Tuesday, December 20, 2005

Managing cellulitis in primary care

The skin normally provides an excellent barrier to infection, both due to providing an impenetrable layer for pathogenic bacteria, and by harbouring non-pathogenic bacteria which prevent the harmful ones from taking over [1],[2]. Yet this barrier can break down, and when this happens, there are plenty of bacteria waiting to take advantage of the opportunity. In many countries, around one-third of the population are asymptomatic carriers of Staph aureus, either constantly or intermittently [3]. It has been estimated that disrupting the skin merely by inserting one silk suture can increase the infectiousness of Staph aureus by a factor of 10,000 [4] .

However, possibly due to enthusiastic management of skin diseases with antibiotics, most patients with atopic dermatitis have been found to harbour Staph aureus on their skin, with higher infection rates than in non-atopic controls [3], and for antibiotic resistance to be high in these bacteria [2] .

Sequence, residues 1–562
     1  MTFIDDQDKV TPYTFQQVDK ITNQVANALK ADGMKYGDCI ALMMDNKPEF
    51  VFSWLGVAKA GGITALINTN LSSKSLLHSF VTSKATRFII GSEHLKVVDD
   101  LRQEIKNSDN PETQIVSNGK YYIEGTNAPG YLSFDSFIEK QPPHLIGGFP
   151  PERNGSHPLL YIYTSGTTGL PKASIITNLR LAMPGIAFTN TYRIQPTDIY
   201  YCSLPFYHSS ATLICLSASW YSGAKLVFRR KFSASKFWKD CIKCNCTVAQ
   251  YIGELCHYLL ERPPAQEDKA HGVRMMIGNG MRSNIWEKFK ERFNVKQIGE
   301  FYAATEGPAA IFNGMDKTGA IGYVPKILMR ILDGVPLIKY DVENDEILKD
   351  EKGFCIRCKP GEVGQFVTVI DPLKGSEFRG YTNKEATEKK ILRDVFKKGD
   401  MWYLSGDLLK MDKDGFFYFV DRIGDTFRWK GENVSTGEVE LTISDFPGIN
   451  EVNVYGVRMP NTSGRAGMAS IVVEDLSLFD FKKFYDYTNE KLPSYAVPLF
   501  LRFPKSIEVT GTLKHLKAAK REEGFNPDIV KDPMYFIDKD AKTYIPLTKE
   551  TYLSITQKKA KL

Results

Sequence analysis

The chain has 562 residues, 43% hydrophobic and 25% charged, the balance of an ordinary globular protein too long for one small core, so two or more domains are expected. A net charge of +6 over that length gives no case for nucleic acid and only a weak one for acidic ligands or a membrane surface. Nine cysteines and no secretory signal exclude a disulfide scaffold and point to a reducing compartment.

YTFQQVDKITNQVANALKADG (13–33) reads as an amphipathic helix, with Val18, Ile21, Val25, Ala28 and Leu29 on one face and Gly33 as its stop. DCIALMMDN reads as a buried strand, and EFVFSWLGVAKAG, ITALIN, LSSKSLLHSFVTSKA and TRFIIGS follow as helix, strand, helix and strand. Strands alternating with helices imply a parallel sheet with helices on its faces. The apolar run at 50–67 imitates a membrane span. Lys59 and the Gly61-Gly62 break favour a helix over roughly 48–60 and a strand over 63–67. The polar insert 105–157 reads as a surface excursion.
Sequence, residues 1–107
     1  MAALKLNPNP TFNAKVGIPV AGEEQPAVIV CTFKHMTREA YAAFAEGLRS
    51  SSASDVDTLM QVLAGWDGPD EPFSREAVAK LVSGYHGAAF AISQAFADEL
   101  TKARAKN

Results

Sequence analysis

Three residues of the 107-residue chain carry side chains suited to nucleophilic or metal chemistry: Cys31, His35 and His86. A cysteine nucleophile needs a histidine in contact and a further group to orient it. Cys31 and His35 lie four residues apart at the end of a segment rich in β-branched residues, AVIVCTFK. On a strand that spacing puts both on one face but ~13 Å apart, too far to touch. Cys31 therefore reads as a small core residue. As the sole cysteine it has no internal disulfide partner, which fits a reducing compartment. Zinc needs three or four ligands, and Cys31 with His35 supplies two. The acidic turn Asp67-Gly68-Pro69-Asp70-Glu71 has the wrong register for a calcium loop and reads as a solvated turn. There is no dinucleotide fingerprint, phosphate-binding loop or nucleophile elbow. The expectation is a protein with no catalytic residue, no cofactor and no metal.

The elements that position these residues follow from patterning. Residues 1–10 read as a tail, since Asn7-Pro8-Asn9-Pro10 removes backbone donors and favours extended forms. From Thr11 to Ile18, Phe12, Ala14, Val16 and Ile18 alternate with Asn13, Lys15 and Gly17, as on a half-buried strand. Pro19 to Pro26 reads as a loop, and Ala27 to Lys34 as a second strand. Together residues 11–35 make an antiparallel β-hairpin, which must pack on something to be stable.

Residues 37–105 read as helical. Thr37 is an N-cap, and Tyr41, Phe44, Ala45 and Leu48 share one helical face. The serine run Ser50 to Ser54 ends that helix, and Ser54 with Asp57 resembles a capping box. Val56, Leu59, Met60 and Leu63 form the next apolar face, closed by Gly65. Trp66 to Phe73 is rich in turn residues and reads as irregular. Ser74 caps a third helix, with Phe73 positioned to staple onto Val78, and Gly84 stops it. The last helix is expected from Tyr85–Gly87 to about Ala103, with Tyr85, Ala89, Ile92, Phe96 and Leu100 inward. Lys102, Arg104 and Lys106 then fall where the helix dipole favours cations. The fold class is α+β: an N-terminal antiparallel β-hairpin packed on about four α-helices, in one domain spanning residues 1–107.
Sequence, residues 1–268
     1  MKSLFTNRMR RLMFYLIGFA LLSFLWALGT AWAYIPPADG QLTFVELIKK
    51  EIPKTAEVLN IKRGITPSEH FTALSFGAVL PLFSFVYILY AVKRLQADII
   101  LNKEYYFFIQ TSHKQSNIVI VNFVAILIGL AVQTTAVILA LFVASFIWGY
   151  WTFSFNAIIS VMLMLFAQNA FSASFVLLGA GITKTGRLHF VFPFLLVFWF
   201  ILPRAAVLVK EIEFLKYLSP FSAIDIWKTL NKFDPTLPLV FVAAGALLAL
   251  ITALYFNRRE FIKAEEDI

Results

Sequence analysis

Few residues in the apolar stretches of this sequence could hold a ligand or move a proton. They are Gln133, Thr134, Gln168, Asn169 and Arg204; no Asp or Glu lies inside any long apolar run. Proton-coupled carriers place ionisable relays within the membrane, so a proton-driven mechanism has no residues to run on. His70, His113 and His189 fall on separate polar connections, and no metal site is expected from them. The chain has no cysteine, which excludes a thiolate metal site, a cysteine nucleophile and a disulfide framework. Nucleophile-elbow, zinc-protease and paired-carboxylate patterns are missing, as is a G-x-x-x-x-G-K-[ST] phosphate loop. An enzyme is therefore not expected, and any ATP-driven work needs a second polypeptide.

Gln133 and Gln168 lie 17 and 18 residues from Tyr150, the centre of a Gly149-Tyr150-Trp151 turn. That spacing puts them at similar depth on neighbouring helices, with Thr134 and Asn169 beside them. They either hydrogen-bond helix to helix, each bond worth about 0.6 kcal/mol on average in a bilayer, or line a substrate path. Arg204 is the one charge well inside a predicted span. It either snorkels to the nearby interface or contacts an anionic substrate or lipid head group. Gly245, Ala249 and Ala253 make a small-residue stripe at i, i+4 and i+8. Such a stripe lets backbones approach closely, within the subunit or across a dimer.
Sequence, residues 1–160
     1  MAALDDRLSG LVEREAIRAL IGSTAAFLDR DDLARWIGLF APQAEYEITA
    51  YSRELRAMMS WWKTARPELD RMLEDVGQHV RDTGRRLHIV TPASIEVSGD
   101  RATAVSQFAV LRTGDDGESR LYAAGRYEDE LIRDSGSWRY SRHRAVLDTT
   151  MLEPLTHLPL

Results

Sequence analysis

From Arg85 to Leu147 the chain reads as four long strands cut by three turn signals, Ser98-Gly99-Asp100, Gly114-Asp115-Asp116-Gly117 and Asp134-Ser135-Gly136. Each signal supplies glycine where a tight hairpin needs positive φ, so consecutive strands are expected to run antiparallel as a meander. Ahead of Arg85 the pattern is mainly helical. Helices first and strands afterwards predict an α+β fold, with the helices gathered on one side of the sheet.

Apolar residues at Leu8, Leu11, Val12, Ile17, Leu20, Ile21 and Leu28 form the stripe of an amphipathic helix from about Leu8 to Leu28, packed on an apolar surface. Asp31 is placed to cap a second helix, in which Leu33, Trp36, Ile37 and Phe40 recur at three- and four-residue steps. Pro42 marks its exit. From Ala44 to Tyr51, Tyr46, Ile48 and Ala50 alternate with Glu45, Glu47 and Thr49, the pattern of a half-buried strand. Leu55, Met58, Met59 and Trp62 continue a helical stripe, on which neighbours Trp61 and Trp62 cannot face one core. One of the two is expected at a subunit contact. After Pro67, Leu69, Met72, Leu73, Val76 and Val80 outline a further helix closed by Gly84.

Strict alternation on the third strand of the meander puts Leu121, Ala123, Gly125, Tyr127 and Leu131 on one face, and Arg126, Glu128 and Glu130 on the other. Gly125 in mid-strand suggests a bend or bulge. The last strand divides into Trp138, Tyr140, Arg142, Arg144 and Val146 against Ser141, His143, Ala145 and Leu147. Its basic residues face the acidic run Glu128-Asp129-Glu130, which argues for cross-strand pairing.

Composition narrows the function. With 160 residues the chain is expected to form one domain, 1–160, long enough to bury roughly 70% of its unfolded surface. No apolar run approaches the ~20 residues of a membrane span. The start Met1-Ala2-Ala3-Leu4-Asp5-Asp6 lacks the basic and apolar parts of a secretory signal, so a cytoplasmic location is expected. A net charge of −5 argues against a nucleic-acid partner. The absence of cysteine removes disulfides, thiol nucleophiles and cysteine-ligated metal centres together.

The commonest pathogens for skin and soft tissue infections are Staph aureus and beta-haemolytic streptococci, although many other bacteria can cause infections once the skin defences are weakened
[2],[3],[5],[6]. The mechanisms of attack are varied; in addition to the direct effects of colonisation of the body's tissues, they also can produce toxins which may be able to breach the skin's defences and enable the bacteria to penetrate the deeper tissues [2] .

Beta-haemolytic streptococci tend to cause cellulitis which spreads rapidly through the subcutaneous tissues thanks to the action of enzymes such as hyaluronidases produced by the bacteria, whereas staphylococcal infections tend to be more demarcated [3] .

More recently, they have also been shown to produce proteins which can act as 'superantigens'.

These bind directly to antigen-presenting cells and so cause polyclonal T cell activation, which has been implicated in the aggravation of atopic dermatitis, psoriasis and contact dermatitis, as well as the more rare but serious toxic shock syndrome and Kawasaki's syndrome [3] .

What is cellulitis?

Cellulitis is a diffuse suppurative inflammation of subcutaneous tissues [1]. In older people the leg is the usual site, whereas younger people tend to develop the condition in the upper body [7]. Patients admitted to hospital have an average stay of 10 days and 10% of patients suffer long term morbidity afterwards from persistent oedema, recurrent cellulitis and leg ulceration [8]. Of these patients, a portal of entry was found in just 55%. There is also a small risk of more serious complications in young children and immunocompromised adults such as gangrene, metastatic abscesses and sepsis [1].